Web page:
Where to Get Good Finance Advice?

My parents never taught me the value of a dollar beyond it costing any sense of household calm that might have been. Today, they constantly complain about not having enough money, blaming the stock market for its poor performance over the last decade – which I find ironic since my father spent his career figuring out investment risk as a pension planner for major corporations. If he couldn’t see the crash coming, who could?

I definitely don’t turn to my parents for money advice, but other than the wild west of the Internet and self-help books with a lot of contradictory information, I don’t have one trusted resource to discuss the ins and outs of personal finance with. Not that most people do – I just wish I had someone who I could confide in about my financial concerns and questions.

Yes, there are Certified Financial Planners out there who are paid a lot to do just that. But I find I don’t trust one individual over another. While there’s some pretty basic advice that gets tossed around, everything else is someone’s opinion, however well-educated it might be. The statistics of the past aren’t going to predict World War III or a subtler economic boom or bust.

A few years ago, I did pay for advice. I went to a Career Counselor. She spent a few sessions with me determining that I’m an INFP and what would make me happy in a career. When I had two potential job options on the table in addition to staying at my then stable but unfulfilling role, she encouraged me to go with the one that was less risky, with a very large, very hot startup, where I would have been in a relatively junior role. I chose to not take her advice, thank goodness, and went to work as one of the first employees for a small startup which has since grown, and my career experience has grown with it.

Advice is cheap – or expensive – but it is advice all the same. What’s the average middle class person to do? Invest, invest, and invest until your savings are tied up in a diversified account, and pray? Assume it will return 5%-10% on average over the long term, as long as you have a 30 year horizon to wait to touch the money? Or should you start thinking about other types of investments now — real estate, metals, or businesses, for instance. It’s easiest to just sit back and put a few hundred bucks a month into the stock market, but I feel like I’m playing Russian Roulette with my life, except the wheel doesn’t stop spinning until I’m ready to retire.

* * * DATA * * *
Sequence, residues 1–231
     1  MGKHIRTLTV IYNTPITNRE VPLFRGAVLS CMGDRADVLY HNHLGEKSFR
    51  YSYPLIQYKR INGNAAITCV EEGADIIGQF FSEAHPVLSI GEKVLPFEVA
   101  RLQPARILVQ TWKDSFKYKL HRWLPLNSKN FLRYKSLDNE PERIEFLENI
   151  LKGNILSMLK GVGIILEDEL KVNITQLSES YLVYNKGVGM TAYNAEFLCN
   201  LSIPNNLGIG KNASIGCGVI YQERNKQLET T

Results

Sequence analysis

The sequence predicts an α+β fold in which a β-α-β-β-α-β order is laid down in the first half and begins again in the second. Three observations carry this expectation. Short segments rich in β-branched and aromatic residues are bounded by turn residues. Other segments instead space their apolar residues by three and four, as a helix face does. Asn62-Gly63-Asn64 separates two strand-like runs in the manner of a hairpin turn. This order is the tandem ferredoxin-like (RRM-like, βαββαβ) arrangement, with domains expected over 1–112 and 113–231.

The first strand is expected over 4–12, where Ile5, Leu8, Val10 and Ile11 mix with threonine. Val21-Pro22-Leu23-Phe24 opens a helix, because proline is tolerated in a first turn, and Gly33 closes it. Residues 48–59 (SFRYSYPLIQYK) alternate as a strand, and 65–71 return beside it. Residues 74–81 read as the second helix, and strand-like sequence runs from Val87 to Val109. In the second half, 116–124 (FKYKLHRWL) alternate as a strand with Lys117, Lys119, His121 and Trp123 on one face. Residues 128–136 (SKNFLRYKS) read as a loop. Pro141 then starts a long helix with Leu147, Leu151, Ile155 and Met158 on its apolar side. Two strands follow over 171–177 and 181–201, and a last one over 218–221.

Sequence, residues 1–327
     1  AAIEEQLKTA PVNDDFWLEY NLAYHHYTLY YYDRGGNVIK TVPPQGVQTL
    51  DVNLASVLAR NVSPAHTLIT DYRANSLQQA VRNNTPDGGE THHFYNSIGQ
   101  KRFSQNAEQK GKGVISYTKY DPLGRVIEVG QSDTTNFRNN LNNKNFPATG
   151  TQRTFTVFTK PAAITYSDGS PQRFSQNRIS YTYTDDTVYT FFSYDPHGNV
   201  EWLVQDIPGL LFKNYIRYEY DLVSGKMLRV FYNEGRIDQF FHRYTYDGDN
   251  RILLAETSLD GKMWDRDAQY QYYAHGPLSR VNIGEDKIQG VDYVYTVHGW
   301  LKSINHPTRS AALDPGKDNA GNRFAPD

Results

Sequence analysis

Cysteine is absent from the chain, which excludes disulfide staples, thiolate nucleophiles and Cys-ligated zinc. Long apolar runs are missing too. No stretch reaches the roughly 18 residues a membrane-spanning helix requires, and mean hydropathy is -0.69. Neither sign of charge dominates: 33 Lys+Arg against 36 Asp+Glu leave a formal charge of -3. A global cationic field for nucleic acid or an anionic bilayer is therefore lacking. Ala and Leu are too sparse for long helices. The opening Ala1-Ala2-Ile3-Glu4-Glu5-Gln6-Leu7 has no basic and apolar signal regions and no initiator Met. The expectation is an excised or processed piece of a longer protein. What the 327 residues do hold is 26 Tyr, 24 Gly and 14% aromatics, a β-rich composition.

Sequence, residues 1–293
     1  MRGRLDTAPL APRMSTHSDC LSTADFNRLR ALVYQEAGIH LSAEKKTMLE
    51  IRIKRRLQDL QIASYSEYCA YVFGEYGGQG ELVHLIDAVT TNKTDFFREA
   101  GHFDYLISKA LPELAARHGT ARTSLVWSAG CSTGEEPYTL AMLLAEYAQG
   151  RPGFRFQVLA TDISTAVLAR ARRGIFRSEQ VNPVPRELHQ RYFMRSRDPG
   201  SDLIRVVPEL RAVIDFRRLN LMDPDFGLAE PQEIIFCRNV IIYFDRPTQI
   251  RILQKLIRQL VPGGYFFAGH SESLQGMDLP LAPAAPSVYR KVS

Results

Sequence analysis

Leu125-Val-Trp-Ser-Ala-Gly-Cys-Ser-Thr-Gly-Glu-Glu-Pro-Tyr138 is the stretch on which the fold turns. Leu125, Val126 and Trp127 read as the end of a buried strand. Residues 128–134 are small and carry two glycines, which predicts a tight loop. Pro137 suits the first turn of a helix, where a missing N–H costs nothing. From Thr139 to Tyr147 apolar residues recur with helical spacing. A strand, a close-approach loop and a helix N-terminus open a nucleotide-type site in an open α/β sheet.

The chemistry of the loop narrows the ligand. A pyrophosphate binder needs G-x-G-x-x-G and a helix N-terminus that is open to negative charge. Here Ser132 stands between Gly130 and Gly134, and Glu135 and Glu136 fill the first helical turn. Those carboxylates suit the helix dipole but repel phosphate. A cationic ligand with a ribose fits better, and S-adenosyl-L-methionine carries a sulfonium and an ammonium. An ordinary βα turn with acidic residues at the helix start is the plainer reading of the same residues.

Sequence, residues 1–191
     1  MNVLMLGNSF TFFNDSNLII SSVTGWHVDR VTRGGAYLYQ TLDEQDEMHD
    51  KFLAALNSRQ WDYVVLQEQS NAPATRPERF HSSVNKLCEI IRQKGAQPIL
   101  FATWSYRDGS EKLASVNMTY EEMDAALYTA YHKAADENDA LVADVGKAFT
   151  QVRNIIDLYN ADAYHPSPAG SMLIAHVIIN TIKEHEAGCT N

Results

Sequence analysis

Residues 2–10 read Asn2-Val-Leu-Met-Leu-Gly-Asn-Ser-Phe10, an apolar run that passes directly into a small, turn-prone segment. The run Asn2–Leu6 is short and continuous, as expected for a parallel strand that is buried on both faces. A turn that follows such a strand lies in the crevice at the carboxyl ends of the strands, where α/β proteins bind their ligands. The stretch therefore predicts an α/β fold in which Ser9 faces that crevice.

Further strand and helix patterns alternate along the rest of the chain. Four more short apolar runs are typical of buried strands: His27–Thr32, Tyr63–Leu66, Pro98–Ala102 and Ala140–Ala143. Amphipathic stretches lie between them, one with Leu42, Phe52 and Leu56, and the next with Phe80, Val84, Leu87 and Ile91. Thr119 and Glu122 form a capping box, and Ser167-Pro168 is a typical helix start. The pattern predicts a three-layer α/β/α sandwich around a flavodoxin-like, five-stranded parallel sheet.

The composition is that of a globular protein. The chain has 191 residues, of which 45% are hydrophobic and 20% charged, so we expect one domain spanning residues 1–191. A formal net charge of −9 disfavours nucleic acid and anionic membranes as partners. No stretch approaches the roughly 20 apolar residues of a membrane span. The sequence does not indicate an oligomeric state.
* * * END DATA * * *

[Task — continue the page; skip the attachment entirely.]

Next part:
Have you every sought out financial advice? Did you pay for it, or find it for free from a friend or family member? What’s the best financial advice you ever got and what’s the worst?

 

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3 comments

  1. cashrebel says:

    When I was considering leaving my stable job for an exciting new field, the people who cared about me most in my life told me to take less risk. I ended up taking the job and it's been fantastic. I think people who are giving advice tend to opt for less risk rather than what's best. I wish I could have given myself this advice 10 years ago.

    1. HerEveryCentCounts ( User Karma: 0 ) says:

      Most people don't understand the value of risk, especially in your 20s. If you don't have responsibilities (kids, etc) then now is the time to take risks. Anyone giving advice doesn't want to tell you to do something that isn't a sure bet (my dad did not at all understand my choice to work at a very young startup, but luckily he had such low expectations of my professional opportunities that he didn't come out too harshly against this choice.) I just wrote a post which will go up on Monday about the 10 Pieces of Advice I'd give to a college student, and one of them is to not be afraid of risk. Risk is the best path to reward. Fail and fail fast. Get up and try again.

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